On March 7, 2019, I had the pleasure of seeing Brasstracks (@brasstracks) live at Metro Music Hall in Salt Lake City. Ivan Jackson and Conor Rayne, the primary duo, brought the artists Pell (@PELLYEAH) and Kemba (@Kembaland) along for the ride. The show was a fantasic and intimate display of instrumentals. It drew in the audience to create an experience that only a live show could.
The first thing to notice on stage was the setup. Conor and Ivan were on opposite sides of the stage, while their backup instruments were centered. Most notably, Ivan’s keys and Conors drums were facing each other, engaging the audience in their interaction. This setup allowed Brasstracks to bring you in, making you feel like a part of the performance. Ivan, on trumpet as well as keys that night, was very mobile onstage. He used his talents to make music while getting the crowd involved in hand waving and jumping.
Brasstracks’ focus on instruments lends itself well to live performance. Frequently, all instruments on stage would improvise solo performances that reminded me of jazz improvisation. With their hip-hop influence, the improv morphed into a lovely medley that gave new flavor to songs they covered, such as Drake’s “In My Feelings”, or the live-exclusive cover of Ghost Town DJs’ “My Boo”.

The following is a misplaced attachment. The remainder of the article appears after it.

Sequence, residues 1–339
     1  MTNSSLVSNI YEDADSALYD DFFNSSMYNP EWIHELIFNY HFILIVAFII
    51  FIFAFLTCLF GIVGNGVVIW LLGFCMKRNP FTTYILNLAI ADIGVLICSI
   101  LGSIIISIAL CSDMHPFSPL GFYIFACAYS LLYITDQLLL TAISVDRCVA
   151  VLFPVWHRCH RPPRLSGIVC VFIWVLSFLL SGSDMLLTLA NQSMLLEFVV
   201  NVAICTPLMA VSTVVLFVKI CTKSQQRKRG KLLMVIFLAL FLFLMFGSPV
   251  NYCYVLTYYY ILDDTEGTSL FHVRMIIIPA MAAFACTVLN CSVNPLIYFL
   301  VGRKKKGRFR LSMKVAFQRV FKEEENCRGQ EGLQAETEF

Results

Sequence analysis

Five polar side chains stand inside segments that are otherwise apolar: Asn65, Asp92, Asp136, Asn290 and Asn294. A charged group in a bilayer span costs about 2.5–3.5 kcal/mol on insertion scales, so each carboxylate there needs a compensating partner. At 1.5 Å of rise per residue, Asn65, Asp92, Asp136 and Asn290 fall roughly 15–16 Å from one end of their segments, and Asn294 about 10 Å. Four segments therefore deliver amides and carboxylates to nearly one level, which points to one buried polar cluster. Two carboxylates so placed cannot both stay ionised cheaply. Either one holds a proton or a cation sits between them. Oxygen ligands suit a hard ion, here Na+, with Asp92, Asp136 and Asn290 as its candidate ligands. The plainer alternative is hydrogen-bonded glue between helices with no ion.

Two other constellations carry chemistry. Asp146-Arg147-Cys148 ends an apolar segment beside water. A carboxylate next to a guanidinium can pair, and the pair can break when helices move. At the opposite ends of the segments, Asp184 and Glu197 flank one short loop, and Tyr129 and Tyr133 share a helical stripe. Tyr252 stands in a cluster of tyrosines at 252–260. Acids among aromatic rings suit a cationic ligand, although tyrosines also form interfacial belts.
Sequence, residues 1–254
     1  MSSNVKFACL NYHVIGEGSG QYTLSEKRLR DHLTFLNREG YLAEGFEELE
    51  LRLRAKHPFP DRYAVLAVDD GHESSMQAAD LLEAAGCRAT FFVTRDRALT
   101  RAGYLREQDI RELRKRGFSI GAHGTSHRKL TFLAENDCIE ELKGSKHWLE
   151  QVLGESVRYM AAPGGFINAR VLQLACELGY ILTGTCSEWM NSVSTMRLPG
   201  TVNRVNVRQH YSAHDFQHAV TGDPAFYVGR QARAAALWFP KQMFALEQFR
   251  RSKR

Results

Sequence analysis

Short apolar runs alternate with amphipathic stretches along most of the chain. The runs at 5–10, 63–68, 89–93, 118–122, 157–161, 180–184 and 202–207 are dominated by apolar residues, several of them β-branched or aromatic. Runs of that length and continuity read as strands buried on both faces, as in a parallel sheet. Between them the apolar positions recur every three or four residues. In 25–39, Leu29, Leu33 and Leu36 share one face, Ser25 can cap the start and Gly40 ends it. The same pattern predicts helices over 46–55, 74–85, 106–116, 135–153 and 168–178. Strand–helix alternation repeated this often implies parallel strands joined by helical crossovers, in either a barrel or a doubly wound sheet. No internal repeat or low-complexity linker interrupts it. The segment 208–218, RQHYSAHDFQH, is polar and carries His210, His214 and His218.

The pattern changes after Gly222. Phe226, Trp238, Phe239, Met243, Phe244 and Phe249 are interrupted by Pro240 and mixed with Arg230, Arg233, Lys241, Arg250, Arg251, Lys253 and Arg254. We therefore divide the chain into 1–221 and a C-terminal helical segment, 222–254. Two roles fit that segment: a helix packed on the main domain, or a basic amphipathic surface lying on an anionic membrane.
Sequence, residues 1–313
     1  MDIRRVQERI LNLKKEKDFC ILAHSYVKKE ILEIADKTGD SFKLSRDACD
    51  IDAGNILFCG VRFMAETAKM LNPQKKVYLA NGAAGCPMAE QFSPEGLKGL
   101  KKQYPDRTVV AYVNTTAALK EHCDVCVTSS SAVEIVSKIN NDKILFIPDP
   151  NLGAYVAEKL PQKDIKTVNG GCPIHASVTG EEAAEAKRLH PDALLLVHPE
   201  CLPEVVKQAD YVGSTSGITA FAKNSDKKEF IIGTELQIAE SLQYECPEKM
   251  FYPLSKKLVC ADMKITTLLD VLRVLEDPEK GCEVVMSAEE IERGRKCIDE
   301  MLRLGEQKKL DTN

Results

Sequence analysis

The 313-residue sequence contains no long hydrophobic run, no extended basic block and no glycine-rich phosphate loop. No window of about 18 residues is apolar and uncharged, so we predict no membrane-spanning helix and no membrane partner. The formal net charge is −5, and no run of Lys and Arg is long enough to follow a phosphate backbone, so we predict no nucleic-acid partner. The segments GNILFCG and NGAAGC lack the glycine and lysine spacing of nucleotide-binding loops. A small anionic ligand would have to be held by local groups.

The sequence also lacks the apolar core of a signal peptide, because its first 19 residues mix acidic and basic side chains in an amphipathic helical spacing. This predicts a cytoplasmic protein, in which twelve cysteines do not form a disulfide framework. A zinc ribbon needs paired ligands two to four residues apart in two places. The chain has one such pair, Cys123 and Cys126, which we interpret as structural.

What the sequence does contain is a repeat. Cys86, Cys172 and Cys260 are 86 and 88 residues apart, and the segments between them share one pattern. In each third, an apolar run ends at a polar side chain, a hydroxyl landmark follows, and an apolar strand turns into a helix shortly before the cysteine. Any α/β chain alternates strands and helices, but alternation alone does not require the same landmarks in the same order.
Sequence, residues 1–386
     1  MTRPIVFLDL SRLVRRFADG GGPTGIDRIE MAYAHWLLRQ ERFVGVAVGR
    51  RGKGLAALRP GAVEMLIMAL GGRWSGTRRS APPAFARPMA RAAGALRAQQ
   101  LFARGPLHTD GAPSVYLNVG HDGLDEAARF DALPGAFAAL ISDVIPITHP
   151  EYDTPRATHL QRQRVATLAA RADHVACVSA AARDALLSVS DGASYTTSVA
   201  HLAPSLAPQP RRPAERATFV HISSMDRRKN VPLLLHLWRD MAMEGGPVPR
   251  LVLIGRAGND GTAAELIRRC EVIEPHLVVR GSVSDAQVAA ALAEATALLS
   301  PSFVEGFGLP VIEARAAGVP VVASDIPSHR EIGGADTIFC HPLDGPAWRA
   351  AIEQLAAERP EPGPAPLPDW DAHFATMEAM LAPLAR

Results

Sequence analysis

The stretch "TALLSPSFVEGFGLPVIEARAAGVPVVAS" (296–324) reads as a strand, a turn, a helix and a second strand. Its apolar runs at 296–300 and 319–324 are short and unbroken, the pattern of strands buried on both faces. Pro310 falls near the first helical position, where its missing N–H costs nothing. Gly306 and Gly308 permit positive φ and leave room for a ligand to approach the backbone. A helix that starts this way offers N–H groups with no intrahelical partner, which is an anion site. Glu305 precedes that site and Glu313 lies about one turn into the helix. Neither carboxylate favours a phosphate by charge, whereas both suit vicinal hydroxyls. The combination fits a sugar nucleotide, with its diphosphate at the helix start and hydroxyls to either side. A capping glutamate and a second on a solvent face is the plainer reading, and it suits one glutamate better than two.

Of course, the original music was even more wonderful. The song “I’ll Sing About You” felt particularly emotional. Ivan shared how his inspiration came from dedicated fans and even sat down to play the opening minutes of the track. The sitting was so simple, yet made the music feel intensely personal and emotional. Ivan gave a peak into his heart with that song. “Vibrant”, with Pell on vocals, suited as the tour’s title track. Lighting on stage shifted to fit the shifts in the music perfectly. It was a treat for the eyes and ears, and I’m sad I’ll never see it quite the same way again.
Any member of the audience that night could tell you Brasstracks was having fun performing. Sure, they told you, but it was how they performed with animation and attacked every beat and note that constantly fed you the idea they were having fun. The small encouraged the connection between artist and audience. They traded energy with the audience. Brasstracks took everyone’s enjoyment and elevated it to elate and excite on new levels, making every motion of the lights, drums, keys and trumpets forever memorable.